Years ago, I read an “anti-aging” health book my father-in-law gave me. The theory was that humans, as with all forms of life, have three stages: grow up, reproduce and die. The key is trying to stay in that middle stage (where you are typically the healthiest) for as long as you can. The book focused on keeping you younger via a metabolic and physical plan. While I don’t really recommend the book, some of the principles behind the author’s philosophy about how we have evolved over millions of years and how we treat our bodies makes sense and have stuck with me.

The book suggested that one of the biggest challenges to slowing the aging process was stress. Stress can age you, as well as make you physically weaker and less healthy.

Stress leads to higher adrenalin levels and a “fight or flight” mentality that can affect your behavior (good or bad).

All this came to mind last week when I attended the Financial Planning Association® (FPA®) retreat where Janus Henderson Investors, Investopedia and the FPA® launched a new study called The War on Stress 2019.

Stress increasing

The study looked at both clients and their advisors – and it’s pretty interesting. Specifically, 71% of financial advisors are feeling an increase in moderate-to-high levels of negative stress, compared to a year ago. The report suggested that poor time management and ineffective use of technology were among the main roadblocks. However, as I read the report, it was comforting to see that financial advisors with lower stress levels are more likely to have achieved or even exceeded their “personal and professional goals.”

71% of financial advisors are feeling an increase in moderate-to-high levels of negative stress.

My guess is that both sets of advisors have dealt with extreme market volatility, increasing compliance oversight and evolving consumer preferences. I would argue that those lower-stress advisors probably kept their focus on the things that they could control vs. what they couldn’t.

As the anti-aging book suggested, I can’t control everything in my environment. I wish I could say that heavy traffic, a delayed flight or a technology snafu right before a presentation to a large group doesn’t cause my blood pressure to peak. But I *can* control other elements of stress. For the most part, I have been caffeine free for the last 10 years or so, as it adds stress to the body. I exercise often to keep extra stress (and weight) off my heart and I do my best to focus on what I can control, because that’s what keeps the negative stress down.

What can you control?

The average advisor spends her/his day wearing many hats. On any given day, the independent advisor can be found doing marketing, sales, planning, client service, HR and compliance, among other things. Survey after survey shows advisors spending more of their time on non-client-facing activities. My guess is that most advisors didn’t get into the business to focus on rebalancing a portfolio during a cash event or vetting a new software program to ensure it integrates with their current stack.

I can’t think of a worse example of time management or a better way to increase negative stress.

We can’t control the markets or the economy. We can’t control political announcements of tariffs that can cause the market to make big daily swings, or some large company who adjusts their forward earnings projections downward after a 10-year bull market. We can’t control who is going to win the next election and what that will do to regulations or taxes.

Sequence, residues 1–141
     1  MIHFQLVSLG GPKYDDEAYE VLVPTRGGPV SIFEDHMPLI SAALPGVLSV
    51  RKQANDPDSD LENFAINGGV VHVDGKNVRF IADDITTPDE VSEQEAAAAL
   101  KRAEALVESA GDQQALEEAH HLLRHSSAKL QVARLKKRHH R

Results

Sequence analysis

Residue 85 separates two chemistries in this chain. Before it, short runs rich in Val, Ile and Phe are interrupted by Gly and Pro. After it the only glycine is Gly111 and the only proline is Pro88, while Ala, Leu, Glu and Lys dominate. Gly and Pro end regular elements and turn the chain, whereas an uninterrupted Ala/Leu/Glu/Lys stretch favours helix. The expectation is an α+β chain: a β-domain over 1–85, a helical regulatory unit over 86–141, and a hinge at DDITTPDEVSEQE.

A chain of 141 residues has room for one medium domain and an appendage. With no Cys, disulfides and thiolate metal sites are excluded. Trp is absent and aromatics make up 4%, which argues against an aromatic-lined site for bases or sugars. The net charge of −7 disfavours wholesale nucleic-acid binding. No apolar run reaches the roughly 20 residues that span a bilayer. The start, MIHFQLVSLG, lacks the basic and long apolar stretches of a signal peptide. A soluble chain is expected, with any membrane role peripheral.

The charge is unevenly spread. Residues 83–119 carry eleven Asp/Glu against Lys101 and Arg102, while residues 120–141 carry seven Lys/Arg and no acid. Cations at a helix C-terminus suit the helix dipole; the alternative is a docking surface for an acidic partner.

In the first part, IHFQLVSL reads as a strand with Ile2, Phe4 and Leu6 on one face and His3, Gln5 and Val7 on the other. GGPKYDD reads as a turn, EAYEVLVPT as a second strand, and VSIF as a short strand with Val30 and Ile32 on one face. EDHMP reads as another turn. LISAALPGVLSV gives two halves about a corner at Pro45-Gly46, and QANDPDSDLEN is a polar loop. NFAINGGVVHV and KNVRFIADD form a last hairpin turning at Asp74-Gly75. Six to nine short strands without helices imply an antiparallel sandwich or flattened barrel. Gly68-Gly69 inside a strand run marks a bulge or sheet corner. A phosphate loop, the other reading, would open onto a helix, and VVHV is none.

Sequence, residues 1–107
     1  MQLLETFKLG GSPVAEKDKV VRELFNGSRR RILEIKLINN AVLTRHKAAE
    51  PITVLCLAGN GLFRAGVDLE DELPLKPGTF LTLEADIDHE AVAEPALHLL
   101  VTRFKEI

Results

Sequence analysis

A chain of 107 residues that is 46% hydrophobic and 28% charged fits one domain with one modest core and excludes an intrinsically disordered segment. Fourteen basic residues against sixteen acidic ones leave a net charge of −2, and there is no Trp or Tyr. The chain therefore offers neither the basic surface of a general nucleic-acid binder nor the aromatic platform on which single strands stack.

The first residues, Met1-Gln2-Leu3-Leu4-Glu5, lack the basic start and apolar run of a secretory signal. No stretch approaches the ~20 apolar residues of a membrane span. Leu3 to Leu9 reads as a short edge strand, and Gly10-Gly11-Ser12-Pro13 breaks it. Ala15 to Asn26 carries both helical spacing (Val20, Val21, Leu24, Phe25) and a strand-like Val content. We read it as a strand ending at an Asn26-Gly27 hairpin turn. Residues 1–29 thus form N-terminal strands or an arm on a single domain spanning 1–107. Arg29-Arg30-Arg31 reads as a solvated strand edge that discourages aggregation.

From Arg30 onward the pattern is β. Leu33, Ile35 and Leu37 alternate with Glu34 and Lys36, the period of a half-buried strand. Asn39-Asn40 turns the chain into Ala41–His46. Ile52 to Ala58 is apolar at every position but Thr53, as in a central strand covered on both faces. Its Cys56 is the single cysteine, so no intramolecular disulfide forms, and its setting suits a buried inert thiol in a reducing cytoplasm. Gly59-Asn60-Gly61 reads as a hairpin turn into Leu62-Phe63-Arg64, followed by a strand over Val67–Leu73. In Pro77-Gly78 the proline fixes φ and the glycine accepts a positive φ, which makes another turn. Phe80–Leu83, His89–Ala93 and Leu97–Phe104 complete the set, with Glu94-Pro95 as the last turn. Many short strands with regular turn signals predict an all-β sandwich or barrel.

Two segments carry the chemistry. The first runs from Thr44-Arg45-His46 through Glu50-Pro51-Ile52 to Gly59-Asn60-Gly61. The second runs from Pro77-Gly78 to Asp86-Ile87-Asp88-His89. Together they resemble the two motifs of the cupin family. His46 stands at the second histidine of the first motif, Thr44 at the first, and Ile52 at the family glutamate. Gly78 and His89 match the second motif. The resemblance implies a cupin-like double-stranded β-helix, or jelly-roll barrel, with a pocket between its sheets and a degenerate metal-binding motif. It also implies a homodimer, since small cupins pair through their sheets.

What we *can* control is our time and focus. We can:

  • Create a real, actionable business plan and set goals. If you can’t clearly explain your business plan and goals, I would argue that a lack of plan is adding stress (to you and your business). Ask, what is our key deliverable, what do our clients value, how are we going to grow? Do you have a succession plan in place, or at least a continuity plan? What does your business look like in 5 years? 10 years? Just having a plan, something to work for, can lower the stress.
  • Define ourselves with a niche. In our Your High-Net-Worth Client Strategy paper, we found that nearly 70% of advisors define their value proposition as a generalist. How do you create consistency, processes and advice to anyone and everyone?
  • Find outsource partners. Everything that does not touch the client directly can be on the chopping block – especially if clients don’t perceive it as a value-add in your relationship. Clients value advice and planning; most everything else may be considered a commodity.
  • Ensure your clients have a plan. The War on Stress 2019 survey found three quarters of investors with a written financial plan said they feel at least somewhat financially secure, versus 51% of those without a written plan. If your clients have less stress, won’t you, too?
  • Look at your stack. The current trend for many advisors is to buy disparate software packages with the hope/promise that they will integrate. Unfortunately, the term “integration” is often misused and misunderstood, and the advisor is stuck in the middle of competing technology issues. We tend to buy technology based on what we think it will do, rather than how it will affect current users (staff and clients), current process and workflows. Take a step back and review your stack – is it good enough, or can you find a truly integrated system for your CRM, planning and platform?

I’m not suggesting that the environment will get any easier or that outside influences will lower advisors’ stress level, but I do think that controlling some of the internal symptoms of stress can only help. Controlling what you can control is a great start.

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